Burned by Karen Marie Moning
Series: Fever (#7)
It’s easy to walk away from lies. Power is another thing.
MacKayla Lane would do anything to save the home she loves. A gifted sidhe-seer, she’s already fought and defeated the deadly Sinsar Dubh—an ancient book of terrible evil—yet its hold on her has never been stronger.
When the wall that protected humans from the seductive, insatiable Fae was destroyed on Halloween, long-imprisoned immortals ravaged the planet. Now Dublin is a war zone with factions battling for control. As the city heats up and the ice left by the Hoar Frost King melts, tempers flare, passions run red-hot, and dangerous lines get crossed.
Seelie and Unseelie vie for power against nine ancient immortals who have governed Dublin for millennia; a rival band of sidhe-seers invades the city, determined to claim it for their own; Mac’s former protégé and best friend, Dani “Mega” O’Malley, is now her fierce enemy; and even more urgent, Highland druid Christian MacKeltar has been captured by the Crimson Hag and is being driven deeper into Unseelie madness with each passing day. The only one Mac can depend on is the powerful, dangerous immortal Jericho Barrons, but even their fiery bond is tested by betrayal.
It’s a world where staying alive is a constant struggle, the line between good and evil gets blurred, and every alliance comes at a price. In an epic battle against dark forces, Mac must decide who she can trust, and what her survival is ultimately worth.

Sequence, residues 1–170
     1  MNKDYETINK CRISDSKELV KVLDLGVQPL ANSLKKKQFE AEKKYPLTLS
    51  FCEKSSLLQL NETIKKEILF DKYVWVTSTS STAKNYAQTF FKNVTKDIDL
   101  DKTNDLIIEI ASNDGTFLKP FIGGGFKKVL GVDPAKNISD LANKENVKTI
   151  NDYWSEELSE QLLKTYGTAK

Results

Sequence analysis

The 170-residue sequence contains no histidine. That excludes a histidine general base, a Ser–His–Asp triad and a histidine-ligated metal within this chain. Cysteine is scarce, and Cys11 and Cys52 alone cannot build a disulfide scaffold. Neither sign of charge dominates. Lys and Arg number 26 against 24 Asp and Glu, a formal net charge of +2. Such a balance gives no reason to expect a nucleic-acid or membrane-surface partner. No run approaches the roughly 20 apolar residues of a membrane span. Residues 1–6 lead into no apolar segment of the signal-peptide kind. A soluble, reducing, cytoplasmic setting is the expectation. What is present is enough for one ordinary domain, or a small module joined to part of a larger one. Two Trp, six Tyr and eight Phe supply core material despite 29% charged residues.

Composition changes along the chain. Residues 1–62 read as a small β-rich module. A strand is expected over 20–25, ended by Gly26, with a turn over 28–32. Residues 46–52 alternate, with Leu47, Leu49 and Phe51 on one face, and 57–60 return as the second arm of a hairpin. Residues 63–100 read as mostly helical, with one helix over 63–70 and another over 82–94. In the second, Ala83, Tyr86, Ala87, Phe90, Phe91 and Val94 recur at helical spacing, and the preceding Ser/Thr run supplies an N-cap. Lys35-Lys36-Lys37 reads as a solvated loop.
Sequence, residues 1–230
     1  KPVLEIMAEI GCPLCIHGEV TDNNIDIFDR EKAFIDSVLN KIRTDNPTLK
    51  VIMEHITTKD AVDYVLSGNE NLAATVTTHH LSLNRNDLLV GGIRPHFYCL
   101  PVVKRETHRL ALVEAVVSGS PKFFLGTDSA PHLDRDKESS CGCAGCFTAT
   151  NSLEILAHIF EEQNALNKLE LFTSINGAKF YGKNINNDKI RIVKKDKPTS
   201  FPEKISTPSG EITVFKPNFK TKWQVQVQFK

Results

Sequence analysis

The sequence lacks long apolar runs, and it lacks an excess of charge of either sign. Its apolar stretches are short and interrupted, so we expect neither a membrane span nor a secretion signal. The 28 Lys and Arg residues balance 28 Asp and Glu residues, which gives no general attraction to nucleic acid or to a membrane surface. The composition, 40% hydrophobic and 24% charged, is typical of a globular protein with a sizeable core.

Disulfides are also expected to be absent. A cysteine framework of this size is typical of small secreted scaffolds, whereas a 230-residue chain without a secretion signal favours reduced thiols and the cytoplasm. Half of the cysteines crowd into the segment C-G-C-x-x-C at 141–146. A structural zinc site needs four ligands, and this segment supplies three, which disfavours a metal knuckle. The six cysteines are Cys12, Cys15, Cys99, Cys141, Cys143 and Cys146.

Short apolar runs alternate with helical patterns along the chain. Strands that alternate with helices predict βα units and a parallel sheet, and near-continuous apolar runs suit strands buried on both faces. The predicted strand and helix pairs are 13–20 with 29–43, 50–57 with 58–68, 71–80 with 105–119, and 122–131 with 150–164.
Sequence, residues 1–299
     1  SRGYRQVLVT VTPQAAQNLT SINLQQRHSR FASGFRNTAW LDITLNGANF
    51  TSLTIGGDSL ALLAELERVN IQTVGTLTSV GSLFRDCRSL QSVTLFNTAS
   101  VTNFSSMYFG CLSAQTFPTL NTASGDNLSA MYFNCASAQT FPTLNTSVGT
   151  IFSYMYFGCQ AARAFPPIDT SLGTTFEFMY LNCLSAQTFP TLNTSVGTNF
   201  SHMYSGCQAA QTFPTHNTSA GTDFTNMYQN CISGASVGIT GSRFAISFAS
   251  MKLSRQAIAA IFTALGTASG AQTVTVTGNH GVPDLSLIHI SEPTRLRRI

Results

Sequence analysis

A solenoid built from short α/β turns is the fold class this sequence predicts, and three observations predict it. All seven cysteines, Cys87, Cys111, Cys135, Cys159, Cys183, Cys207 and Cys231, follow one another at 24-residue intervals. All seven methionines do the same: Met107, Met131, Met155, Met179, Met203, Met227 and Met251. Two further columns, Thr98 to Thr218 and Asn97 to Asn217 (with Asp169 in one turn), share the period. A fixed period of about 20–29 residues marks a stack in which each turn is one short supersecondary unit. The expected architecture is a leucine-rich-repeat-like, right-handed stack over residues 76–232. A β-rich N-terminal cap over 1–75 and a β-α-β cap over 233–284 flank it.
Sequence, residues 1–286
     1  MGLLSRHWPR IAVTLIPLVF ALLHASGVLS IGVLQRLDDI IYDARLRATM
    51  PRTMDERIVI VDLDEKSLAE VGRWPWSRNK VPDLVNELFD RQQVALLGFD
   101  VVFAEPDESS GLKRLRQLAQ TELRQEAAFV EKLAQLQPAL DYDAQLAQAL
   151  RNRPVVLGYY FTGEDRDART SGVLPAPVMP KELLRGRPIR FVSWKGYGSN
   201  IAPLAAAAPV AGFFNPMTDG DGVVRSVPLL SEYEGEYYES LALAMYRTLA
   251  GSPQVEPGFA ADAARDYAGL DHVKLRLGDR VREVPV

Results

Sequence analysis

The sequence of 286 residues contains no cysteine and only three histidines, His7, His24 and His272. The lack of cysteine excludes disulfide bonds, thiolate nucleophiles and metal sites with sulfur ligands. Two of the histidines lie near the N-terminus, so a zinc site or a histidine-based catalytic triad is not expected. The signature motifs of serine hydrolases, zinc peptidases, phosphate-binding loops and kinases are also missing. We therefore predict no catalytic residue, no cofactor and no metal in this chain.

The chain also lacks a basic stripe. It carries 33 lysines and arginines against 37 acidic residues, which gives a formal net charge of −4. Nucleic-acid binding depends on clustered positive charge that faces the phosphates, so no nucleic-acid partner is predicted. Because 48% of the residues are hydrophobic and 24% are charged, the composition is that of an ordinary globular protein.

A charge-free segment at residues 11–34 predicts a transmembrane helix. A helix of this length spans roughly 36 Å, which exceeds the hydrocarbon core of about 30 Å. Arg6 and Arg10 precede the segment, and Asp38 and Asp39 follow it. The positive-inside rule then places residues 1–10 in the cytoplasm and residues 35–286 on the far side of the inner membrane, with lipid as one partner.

– Contains one of the best examples of rape culture I’ve found in literature. Its subtle, insidious messages pervade every page.
– Violently reinforces traditional gender roles while staunchly defending the very “need” for the patriarchy.
– Is one of the most offensively sexist things I’ve ever had the misfortune of reading.
– Is utterly lacking in diversity. If you’re not white and ragingly cishet, you’re not going to find representation in this 475 page travesty.
– Has no discernible plot until the 75% mark, and even then, “plot” is a term to be used loosely.
– Is saturated with pointless filler scenes and endless, repetitive, inane, inner-monologue fueled narrative.
– Read like a funeral dirge for a once beloved series. At this point I just want KMM to put it out of its misery.